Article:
Briefs

Interactive STEM briefs are created within the context of a research and practice collaboration focused on early mathematics learning and teaching improvement in schools and classrooms with 1-to-1 mobile tablets. The conceptualization, creation, testing, and revision includes contributions by teachers, school and district leaders, mathematics education faculty, researchers, and project personnel. Because these briefs are developed in the context of Design-Based Implementation Research, or DBIR, they continue to undergo multiple stages of testing and revision.

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Screencasting and Early Mathematics Learning

As mobile technologies become more common in elementary classrooms, screencasting offers opportunities to support and strengthen learning and teaching in early mathematics. This brief describes the potential that screencasting offers for supporting early elementary mathematics learning.

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Differences in Student Use of Technology for Learning at Higher- and Lower-­Poverty Middle Schools

The use of digital computing devices in classrooms is becoming ubiquitous and an essential part of 21st Century learning. However, the research summarized in this brief suggests that greater or equal access to technology does not necessarily result in equitable learning opportunities for students. Survey data collected during the 2010/2011 school year from middle school students throughout Maine indicate that students in higher-poverty schools used technology for learning in ways that were different from students in lower-poverty schools. In particular, students in higher-poverty schools reported fewer opportunities to develop higher-order thinking skills (such as collaboration, informational synthesis, and presentation) with technology compared to their peers in more affluent schools.

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Starting Mobile Digital Device Initiatives: Advice from High School Teachers in Maine

The research report summarized in this brief shares findings from a survey of teachers in three Maine high schools. The research highlights lessons teachers learned in their initial efforts to implement 1:1 iPad® mobile digital devices. The report findings include information about how teachers used devices in their classrooms and in their practice, teachers’ views of implementation benefits and challenges, tips for use, and observations of impacts on students. 

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Findings on Engaging Teachers and Students in Formative Assessment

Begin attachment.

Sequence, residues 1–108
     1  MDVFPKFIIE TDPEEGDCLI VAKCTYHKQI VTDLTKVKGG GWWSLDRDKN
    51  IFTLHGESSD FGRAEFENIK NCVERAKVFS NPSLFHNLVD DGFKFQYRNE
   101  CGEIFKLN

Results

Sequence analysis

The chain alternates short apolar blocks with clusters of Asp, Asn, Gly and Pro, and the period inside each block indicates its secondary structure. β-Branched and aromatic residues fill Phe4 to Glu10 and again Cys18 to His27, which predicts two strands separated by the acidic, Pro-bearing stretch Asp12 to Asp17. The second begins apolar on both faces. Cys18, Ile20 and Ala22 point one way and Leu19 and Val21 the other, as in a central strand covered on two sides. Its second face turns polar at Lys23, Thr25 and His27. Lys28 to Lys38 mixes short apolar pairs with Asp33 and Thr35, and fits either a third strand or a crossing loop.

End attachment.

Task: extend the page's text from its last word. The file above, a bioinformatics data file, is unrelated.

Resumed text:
The research summarized in this brief describes a professional development (PD) model that emphasizes the roles of both teachers and students in formative assessment (FA) with the primary goal of helping students become self-regulated learners. This PD program helped strengthen teachers’ knowledge of FA and was associated with increases in the number of teachers implementing FA, including practices that allow for greater student participat

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Findings on the Development and Use of Technology-Infused Curricula in Preschool Classrooms

The research summarized in this brief suggests that well-designed tablet-based activities can improve student learning outcomes at the preschool level.

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Mathematics in the Early Grades: Operations & Algebraic Thinking

This brief describes the concepts and skills involved in helping K-2 children demonstrate and expand their ability to understand, represent, and solve addition and subtraction problems, laying the foundation for operations using multiplication.

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Mathematics in the Early Grades: Counting & Cardinality

This brief covers the key concepts and skills involved in meeting the Common Core State Standards in the domain of counting and cardinality.

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Productive Struggle in Mathematics

Through productive struggle, students are willing to abandon one strategy for another to try to make sense of a problem.

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Supporting Mathematical Discourse in the Early Grades

Successfully implementing mathematical discourse requires teachers to drastically shift away from traditional teacher-centric practices.

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Mobile Technology and Mathematics Learning in the Early Grades

The availability of a vast array of touchscreen mobile technologies holds promise for more widespread and tailored use of technology for learning in K–12 learning environments, yet questions remain about the best ways to leverage those technologies.